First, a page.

WRITTEN BY: Eric Carrasco, Jim Krieg and Alan Burnett
DIRECTED BY: Sam Liu
Elyes Gabel as Thomas Kallor/Star Boy
Diane Guerrero as Jessica Cruz/Green Lantern
Kevin Conroy as Batman
Susan Eisenberg as Wonder Woman
George Newbern as Superman
Peter Jessop as Tharok
Matthew Yang King as The Persuader
Sumalee Montano as Emerald Empress
Philip Anthony Rodriguez as Mano
[Validus does not speak]
Reviewed by: Steve Younis
Rating – 4/5: When it was first announced, “Justice League vs. The Fatal Five” wasn’t necessarily and animated movie that sounded enticing to me. I wasn’t that familiar with the Fatal Five to be honest, and another “vs.” movie (after “Justice League vs. The Teen Titans”) wasn’t that appealing. It wasn’t until I saw that this movie’s character designs were based on the “Justice League”/”Justice League Unlimited” animated series, with the same voice cast returning, that my interest levels were raised considerably.
As the blurb states, “Justice League vs. The Fatal Five” finds the Earth’s future hanging in the balance when the Justice League faces a powerful new threat – the Fatal Five. Superman, Batman and Wonder Woman seek answers as the time-traveling trio of Mano, Persuader and Tharok terrorize Metropolis in search of budding Green Lantern, Jessica Cruz – whom they need to free remaining Fatal Five members Emerald Empress and Validus in order to carry out their sinister plan. But the Justice League discover an ally from another time in the peculiar Star Boy – brimming with volatile power.
This animated film finds the right balance between action, drama, emotion and humor. It really is a story about Jessica Cruz and Star Boy more than anything else, but the other heroes, especially Superman, do get a fair share of the limelight (no pun intended).
The themes in this story are quite mature. Jessica’s battle with her own mental health issues bring her together with Star Boy, who is himself dealing with his own mental problems. Her understanding of what he’s going through, even though he’s from a far-flung future, allows her to build a bond with him that sees Star Boy find his feet in a world/time that has no idea who he is or what he’s capable of.
While Wonder Woman takes a “tough love” approach towards Jessica, you can see that she believes in her and just wants her to believe in herself as well. Superman takes a softer approach (as you’d expect), while Batman’s dismissiveness actually makes for a really nice dynamic between them. Actually Batman’s relationship with Miss Martian, who is also a welcome addition to the story, is a highlight of this animated movie.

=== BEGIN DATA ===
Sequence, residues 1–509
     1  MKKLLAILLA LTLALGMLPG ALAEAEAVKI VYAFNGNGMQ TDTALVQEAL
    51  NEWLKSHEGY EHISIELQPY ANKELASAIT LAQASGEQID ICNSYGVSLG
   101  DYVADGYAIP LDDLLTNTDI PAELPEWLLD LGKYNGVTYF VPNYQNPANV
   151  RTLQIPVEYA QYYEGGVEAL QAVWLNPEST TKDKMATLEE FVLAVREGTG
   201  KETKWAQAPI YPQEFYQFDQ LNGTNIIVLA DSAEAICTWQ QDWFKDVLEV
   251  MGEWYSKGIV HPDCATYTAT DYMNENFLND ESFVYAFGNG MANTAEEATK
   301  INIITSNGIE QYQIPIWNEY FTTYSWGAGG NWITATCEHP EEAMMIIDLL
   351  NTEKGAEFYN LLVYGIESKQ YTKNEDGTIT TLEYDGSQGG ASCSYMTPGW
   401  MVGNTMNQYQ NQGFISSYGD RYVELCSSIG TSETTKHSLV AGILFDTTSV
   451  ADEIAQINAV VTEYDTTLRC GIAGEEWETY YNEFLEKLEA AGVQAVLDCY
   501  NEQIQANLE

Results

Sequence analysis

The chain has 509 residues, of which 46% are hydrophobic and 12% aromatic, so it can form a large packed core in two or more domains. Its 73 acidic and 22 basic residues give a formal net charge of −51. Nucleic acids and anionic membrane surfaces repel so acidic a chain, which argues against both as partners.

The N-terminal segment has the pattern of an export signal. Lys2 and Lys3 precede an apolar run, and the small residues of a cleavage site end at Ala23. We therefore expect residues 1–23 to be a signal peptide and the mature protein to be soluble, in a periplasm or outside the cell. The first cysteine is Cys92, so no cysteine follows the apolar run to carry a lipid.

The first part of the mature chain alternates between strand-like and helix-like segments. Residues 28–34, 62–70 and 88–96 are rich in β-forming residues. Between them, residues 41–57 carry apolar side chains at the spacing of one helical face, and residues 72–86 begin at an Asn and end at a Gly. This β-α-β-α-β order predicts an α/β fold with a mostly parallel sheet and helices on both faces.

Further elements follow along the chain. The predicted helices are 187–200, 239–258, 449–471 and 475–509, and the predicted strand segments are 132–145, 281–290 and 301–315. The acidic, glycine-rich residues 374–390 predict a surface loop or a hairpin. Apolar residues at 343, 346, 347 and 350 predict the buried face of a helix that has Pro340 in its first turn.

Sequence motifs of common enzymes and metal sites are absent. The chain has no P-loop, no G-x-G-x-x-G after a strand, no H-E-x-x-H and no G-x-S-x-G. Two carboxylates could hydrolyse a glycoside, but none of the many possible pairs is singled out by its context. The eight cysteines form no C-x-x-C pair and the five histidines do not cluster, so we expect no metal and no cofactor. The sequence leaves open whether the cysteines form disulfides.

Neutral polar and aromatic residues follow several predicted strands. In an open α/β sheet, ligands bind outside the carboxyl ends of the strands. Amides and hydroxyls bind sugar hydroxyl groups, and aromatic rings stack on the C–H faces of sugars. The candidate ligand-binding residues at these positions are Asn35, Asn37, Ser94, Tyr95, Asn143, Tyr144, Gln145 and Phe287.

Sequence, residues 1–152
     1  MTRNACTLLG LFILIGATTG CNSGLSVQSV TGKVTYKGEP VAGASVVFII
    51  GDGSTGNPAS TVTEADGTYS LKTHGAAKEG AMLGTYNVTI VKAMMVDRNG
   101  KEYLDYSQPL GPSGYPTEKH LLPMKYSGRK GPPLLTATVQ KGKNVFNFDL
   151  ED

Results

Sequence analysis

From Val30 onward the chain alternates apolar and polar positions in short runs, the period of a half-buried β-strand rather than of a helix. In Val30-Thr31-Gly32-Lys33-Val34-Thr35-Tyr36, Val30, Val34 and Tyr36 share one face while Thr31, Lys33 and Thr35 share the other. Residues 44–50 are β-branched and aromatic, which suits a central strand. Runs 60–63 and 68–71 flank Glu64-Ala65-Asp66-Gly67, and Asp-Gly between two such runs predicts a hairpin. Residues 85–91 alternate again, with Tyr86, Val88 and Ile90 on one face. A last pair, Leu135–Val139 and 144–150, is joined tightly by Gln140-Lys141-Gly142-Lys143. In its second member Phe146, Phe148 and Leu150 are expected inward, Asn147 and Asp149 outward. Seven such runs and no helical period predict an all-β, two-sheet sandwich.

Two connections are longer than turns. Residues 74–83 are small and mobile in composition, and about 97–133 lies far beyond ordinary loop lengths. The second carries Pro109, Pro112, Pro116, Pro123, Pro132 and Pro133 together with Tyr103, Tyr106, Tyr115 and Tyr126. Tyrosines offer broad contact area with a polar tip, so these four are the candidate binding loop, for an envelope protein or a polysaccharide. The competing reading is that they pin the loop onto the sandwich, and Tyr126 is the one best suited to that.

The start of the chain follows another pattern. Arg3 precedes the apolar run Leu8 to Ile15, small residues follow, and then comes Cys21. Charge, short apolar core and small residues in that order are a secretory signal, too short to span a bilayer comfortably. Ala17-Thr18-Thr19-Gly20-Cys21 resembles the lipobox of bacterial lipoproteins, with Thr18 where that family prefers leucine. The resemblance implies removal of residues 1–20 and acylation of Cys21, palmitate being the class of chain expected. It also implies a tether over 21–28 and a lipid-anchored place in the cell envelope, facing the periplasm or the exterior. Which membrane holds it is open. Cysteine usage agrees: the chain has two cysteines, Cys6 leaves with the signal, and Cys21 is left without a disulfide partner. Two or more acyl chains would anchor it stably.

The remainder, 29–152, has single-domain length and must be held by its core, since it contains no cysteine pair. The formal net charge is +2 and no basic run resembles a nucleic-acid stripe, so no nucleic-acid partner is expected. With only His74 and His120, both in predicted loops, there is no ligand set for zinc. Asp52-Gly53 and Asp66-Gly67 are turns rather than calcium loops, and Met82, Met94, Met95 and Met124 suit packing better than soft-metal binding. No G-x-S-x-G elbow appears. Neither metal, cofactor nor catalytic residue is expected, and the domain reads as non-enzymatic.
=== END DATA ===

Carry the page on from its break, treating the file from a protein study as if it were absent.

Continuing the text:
Miss Martian’s inclusion brings some comic relief to the weighty topics of the story. Her quips, one-liners, and banter with Batman help the story in a way that The Flash did in the JL/JLU animated episodes. (Interestingly, The Flash, Jon Stewart, Martian Manhunter and other members of the JLU only appear in statue form in this movie when we’re taken of a tour of a 31st century museum).
Speaking of the 31st century, while Star Boy is a member of the Legion of Superheroes, we only see his teen teammates at the beginning and end of the story. Most of the film takes place in the 21st century, with the villains having travelled back in time to kidnap Jessica Cruz.
The adventure does take us to a number of locations, with some of the battle taking place on Oa. Seeing other members of the Green Lantern corps was a welcome addition, and really helped us learn more about who Jessica Cruz is, while allowing her to discover more about herself at the same time.
Superman’s involvement, especially in the final moments, are heroic. I was pleased with how he was portrayed. However, this is very much a story about Jessica Cruz and Star Boy, so while he’s important to the story, he’s not the main focus… and I was fine with that. Same goes for Batman and Wonder Woman. They’re each given moments to shine, but they never take away from the main focus of the story.
All in all I’d rate this animated movie a 4/5. Well worth watching.
The bonus material on the Blu-ray includes some great interviews with the creative people behind the film, at DC Comics and in the field of mental health. They’re fascinating to watch and well produced.